January 2013 marks the 40th anniversary of Roe v. Wade, the landmark Supreme Court decision that made abortion legal in the United States. But history tells us that abortions have been performed as long as women have been able to get pregnant, and the U.S. is no exception. What most people don't know is that lawful abortion clinics were in operation before Roe -- in the few locations where the procedure was already legal.
One of those places was New York, and one of those clinics was started by Merle Hoffman, a true pioneer in providing for women's reproductive health. She opened the clinic in 1971, two years before the Supreme Court legalized abortion nationwide.
As abortion rights came under increasing attack in the 1980s in the wake of Roe, Hoffman fought back, keeping the clinic open despite protests and threats, which have never let up. Forty years later, she is still President of Choices Women's Medical Center. Under her direction Choices has expanded into a one of the nation's largest and most comprehensive women's medical facilities, serving more than 50,000 patients a year.
Hoffman's memoir, Intimate Wars: The Life and Times of the Woman who Brought Abortion from the Back Alley to the Boardroom, documents her work as a pioneer, visionary, and warrior for women. I interviewed her recently for my radio show, Equal Time With Martha Burk.
MB: How did you come to open an abortion clinic? You weren't an activist at the time.
MH: The doctor I worked with was progressive and wanted to provide abortions because he did his residency at Bellevue, and talked about what he called the "midnight express" - women who tried to self-abort and then were brought in after hours to the emergency room. So I wanted to get involved.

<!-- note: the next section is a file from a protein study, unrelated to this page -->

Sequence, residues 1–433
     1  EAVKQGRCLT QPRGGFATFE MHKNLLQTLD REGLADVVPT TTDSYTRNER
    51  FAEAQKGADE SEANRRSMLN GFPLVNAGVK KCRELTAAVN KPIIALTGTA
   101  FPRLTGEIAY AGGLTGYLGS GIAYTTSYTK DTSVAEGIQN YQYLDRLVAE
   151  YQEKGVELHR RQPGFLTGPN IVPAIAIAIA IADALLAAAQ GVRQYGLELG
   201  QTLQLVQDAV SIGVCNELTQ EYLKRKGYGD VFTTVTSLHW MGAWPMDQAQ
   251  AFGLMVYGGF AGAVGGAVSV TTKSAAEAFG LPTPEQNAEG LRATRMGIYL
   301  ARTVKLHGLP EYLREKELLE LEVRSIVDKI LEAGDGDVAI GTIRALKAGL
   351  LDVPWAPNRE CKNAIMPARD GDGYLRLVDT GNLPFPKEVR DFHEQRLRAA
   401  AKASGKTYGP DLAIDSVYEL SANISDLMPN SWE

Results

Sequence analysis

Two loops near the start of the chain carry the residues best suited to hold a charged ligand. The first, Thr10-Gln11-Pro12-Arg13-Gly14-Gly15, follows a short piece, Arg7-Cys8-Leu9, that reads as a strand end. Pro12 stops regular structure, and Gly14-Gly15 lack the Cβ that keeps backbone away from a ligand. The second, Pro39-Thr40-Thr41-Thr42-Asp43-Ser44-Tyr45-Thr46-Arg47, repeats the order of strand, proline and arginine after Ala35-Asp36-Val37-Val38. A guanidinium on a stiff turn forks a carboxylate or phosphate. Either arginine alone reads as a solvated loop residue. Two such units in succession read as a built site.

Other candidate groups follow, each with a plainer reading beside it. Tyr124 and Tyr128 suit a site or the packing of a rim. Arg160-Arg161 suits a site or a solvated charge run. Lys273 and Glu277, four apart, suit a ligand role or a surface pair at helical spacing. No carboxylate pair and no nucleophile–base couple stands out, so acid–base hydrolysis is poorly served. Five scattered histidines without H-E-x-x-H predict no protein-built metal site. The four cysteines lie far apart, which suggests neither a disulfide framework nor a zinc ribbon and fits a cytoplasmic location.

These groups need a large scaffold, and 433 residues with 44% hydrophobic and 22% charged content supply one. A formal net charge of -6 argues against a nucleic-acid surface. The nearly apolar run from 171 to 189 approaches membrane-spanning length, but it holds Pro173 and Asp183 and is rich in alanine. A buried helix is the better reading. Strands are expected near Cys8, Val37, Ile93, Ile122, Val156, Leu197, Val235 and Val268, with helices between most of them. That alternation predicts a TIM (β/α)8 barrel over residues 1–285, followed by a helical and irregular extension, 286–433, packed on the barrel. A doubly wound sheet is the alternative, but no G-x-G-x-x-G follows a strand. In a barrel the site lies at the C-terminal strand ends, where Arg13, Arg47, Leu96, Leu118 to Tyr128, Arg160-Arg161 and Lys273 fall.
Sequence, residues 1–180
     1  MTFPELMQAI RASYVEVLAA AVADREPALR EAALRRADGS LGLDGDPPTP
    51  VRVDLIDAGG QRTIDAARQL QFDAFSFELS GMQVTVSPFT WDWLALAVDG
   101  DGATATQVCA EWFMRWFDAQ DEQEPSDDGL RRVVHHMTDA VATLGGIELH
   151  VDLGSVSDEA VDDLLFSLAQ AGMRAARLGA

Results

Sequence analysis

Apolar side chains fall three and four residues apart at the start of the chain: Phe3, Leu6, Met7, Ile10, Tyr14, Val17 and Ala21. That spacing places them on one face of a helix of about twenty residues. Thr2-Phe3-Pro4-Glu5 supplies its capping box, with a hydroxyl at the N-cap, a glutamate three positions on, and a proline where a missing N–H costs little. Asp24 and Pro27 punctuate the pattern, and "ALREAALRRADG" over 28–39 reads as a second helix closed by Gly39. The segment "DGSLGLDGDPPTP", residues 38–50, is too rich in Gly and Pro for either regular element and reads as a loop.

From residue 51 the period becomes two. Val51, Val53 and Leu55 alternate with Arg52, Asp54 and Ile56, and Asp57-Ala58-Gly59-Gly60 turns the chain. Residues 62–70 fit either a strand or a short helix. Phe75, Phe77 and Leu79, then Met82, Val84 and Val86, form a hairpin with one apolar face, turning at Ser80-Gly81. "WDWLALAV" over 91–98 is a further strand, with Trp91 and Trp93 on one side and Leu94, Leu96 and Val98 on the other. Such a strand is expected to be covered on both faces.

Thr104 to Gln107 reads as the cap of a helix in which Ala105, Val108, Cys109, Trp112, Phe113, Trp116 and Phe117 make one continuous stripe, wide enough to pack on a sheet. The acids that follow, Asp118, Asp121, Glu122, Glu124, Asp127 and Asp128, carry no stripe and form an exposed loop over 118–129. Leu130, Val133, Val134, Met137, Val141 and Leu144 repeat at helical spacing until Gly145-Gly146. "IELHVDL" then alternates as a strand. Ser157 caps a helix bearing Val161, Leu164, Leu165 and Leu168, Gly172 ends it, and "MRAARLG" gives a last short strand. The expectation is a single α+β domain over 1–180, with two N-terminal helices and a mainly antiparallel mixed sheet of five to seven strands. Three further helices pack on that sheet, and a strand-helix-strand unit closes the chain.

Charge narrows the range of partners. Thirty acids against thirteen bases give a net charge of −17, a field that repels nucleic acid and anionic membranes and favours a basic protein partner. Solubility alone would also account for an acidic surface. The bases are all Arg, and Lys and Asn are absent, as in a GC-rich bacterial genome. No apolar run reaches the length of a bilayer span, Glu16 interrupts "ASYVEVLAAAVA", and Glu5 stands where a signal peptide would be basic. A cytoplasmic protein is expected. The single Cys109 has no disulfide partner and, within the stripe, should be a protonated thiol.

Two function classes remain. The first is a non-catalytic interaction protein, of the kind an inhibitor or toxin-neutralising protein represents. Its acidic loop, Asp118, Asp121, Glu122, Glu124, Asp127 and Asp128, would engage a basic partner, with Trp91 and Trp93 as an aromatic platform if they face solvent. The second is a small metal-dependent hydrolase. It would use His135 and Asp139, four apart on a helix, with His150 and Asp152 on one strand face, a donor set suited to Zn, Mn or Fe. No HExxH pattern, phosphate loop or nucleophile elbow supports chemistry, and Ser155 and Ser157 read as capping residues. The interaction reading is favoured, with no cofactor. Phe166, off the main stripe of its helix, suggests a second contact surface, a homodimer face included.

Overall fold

MB: In the two and a half years before abortion was legal everywhere, 350,000 women came to New York to get the procedure. Were you completely overwhelmed?
MH: We weren't overwhelmed because we were small. But there were places in Manhattan that were doing 300 cases a day. They would meet the patients at the airport, wearing a little pink lapel pin or some kind of flower and take them to the clinic. The floodgates opened. New York at that time was called the abortion capital of the U.S.
MB: When did things turn political for you?
MH: I would mark it with the Hyde Amendment cutting off Medicaid funding for poor women for abortion care. It hit me like a thunderbolt, because these were women I was dealing with every day. I saw very clearly there was a class and a racial distinction in the way people reacted.
MB: We're still living with the Hyde Amendment.
MH: Yes. I speak and write about abortionomics, which is the construct that women have abortions for economic reasons. If women are poor and they have no money for either family planning or abortion services, they're forced to travel to have later term abortions, or else they're forced into compulsory pregnancy.
MB: States are passing more and more restrictions like forced ultrasound, waiting periods, mandatory counseling, even restrictions on the size of clinic hallways.
MH: It's been a very effective strategy since the 1970s. In the last couple of years there have been over a hundred anti-abortion legislative attempts. The pro-choice movement has not been active enough on this.
MB: It seems like we're coming to a time when abortion will be legal but a woman can't get one.
MH: You're absolutely correct. Abortion will remain legal - probably - but it will be impossible for many women. I see this as the second civil war. There will be free states and slave states.
MB: What have you seen in your years as a provider?
MH: They've killed doctors. I was invaded. I was evicted from two spaces. I've hired armed guards to protect me at some points. I've been living in this war for 40 years. The last few years have been the worst. It's a sort of alternative universe.
MB: Many of the early abortion doctors have aged out of the system, and new providers are not coming in in the same numbers. What's the future from a medical standpoint?
MH: There is an organization called Medical Students for Choice. I call them warrior-healers. When I went into it it was a world I helped create. They're going into a world that's obviously controversial, dangerous. But they want to commit to reproductive freedom. So I have a lot of optimism.
Listen to Merle Hoffman's full interview here:
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